Sorry I didn't read your OP close enough!
Our older little one has clear memories of her neglect, but her little brother does not. He was removed early enough that he has no real memories, but has an overwhelming feeling of anxiety. However, the services he receives through the behavioral therapy agency really do nothing in the way of counseling.
The behavioral therapist who comes here works with both of them on how to handle feelings of anger and frustration, not so much where those feelings come from.
Though she remembers the trauma, in some ways, I think it is worse for him. She has something she can talk about and work through, and I think she may be able to eventually identify that there were specific people who hurt her and she couldn't trust, but she can trust others. He has a constant worry that no one will take care of him and will abandon him. He doesn't really remember who hurt him, so he sort of assumes anyone will. That's the way I see it, anyway.
Originally Posted by lauren
I am a big believer in temperament, having seen lots of challenging children (including my own!) that never suffered anything in their lives. The traits that they have identified as being part of temperament are traits we all have--just with a higher or lower degree of intensity. May be worth a look. I have argued (playfully) with a major attachment theorist about this topic and I'm sticking to my opinion, that some kids have temperaments that actually resemble children with major issues--only they have not had an challenges in their life or development.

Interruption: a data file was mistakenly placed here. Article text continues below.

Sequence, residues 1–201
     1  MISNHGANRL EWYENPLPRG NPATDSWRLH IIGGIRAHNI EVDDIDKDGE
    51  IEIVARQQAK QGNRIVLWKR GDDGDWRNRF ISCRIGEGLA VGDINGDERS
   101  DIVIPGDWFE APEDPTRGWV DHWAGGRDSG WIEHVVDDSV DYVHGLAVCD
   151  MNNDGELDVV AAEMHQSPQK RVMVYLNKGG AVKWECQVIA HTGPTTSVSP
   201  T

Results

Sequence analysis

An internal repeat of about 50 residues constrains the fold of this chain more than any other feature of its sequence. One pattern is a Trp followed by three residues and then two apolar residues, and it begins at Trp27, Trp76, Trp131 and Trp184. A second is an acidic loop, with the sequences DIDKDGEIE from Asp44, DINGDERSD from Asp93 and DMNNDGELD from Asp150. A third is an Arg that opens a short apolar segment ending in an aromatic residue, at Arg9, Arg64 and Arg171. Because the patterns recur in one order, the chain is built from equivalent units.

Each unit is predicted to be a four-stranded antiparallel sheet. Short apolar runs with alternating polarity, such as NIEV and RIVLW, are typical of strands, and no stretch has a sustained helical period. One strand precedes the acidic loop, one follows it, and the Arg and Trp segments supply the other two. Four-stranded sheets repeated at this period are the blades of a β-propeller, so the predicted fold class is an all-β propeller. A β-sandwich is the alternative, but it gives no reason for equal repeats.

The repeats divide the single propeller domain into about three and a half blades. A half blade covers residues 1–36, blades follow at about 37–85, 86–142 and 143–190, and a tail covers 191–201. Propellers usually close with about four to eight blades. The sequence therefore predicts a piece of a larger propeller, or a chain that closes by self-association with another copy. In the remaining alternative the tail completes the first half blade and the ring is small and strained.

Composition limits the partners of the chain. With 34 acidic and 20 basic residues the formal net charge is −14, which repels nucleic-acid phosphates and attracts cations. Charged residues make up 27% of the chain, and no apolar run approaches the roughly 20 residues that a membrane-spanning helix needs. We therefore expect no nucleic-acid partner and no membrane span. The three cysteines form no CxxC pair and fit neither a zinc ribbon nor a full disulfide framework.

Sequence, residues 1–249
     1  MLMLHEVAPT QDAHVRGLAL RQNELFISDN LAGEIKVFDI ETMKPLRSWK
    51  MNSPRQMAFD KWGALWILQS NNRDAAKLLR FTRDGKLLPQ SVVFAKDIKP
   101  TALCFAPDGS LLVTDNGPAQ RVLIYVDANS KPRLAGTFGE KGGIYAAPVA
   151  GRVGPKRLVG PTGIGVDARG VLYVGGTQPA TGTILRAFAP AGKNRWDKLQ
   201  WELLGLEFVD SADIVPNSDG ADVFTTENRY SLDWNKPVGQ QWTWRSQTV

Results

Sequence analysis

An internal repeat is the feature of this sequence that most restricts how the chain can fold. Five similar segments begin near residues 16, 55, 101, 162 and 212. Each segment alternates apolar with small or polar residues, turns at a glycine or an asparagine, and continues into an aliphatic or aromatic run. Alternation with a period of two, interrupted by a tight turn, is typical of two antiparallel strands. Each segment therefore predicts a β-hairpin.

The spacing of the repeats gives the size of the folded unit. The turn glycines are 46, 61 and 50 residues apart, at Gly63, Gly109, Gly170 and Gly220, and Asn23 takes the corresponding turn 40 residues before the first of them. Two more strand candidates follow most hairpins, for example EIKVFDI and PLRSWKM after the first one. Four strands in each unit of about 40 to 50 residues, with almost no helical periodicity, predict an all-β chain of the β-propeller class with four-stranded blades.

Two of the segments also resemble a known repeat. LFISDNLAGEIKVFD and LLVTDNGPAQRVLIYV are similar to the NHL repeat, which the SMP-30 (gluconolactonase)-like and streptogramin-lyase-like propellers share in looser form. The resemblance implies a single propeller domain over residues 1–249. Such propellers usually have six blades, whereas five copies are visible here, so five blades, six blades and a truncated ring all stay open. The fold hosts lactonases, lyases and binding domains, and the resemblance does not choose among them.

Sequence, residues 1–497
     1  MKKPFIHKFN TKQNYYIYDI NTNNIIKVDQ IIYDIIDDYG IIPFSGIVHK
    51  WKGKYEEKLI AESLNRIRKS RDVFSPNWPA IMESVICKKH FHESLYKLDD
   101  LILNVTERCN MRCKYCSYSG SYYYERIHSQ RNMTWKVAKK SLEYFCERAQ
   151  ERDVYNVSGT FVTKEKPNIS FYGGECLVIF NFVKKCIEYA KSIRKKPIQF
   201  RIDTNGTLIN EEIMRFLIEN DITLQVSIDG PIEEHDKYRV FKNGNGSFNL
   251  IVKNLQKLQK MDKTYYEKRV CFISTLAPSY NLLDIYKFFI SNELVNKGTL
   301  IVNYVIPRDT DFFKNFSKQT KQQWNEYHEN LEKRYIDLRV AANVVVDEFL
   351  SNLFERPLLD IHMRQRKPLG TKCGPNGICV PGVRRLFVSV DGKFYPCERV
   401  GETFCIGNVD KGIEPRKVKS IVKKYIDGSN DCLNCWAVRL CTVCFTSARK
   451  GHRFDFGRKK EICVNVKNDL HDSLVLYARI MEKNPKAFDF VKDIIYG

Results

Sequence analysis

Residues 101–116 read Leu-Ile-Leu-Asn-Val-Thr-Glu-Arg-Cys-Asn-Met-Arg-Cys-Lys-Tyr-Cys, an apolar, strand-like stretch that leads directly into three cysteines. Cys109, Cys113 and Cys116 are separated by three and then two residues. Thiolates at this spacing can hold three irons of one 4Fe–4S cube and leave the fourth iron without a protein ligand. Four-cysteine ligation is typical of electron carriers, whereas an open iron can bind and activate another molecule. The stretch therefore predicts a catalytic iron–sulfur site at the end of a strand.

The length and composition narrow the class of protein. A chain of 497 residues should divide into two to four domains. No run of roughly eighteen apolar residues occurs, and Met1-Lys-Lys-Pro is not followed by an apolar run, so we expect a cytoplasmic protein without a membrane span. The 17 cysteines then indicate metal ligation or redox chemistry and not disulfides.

Our own bio-son (4) has a very difficult temperament. He was an extremely colicy baby, and, as it turns out, is very lactose intolerant, so, was living with pretty constant tummy troubles for 3 years before we really figured out what was going on. He cannot handle change, is very concerned when things are out of order, HAS to have a written schedule... his tantrums can the rival the excess and violence of our older foster daughters (and now that she is on meds again, they are more frequent), and he certainly has never been abused/neglected. Sometimes my husband gets really worried that he is ODD or OCD... but I tend to think personality/temperament lies on a continuum or spectrum. He is just a little skewed that way. The things that help him, early bed times, naps, regular routines, a written schedule, 'team meetings,' quiet time in his room... etc. all really help our foster daughter as well.
I am going to look up Parenting the Explosive Child and Beyond Consequences for our own household.